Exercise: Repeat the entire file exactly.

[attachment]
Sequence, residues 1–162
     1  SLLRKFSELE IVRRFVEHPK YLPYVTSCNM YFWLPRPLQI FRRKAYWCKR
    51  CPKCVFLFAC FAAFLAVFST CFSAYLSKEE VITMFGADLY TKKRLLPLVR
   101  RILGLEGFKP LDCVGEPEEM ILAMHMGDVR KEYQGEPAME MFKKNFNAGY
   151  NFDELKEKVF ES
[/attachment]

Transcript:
Sequence, residues 1–162
     1  SLLRKFSELE IVRRFVEHPK YLPYVTSCNM YFWLPRPLQI FRRKAYWCKR
    51  CPKCVFLFAC FAAFLAVFST CFSAYLSKEE VITMFGADLY TKKRLLPLVR
   101  RILGLEGFKP LDCVGEPEEM ILAMHMGDVR KEYQGEPAME MFKKNFNAGY
   151  NFDELKEKVF ES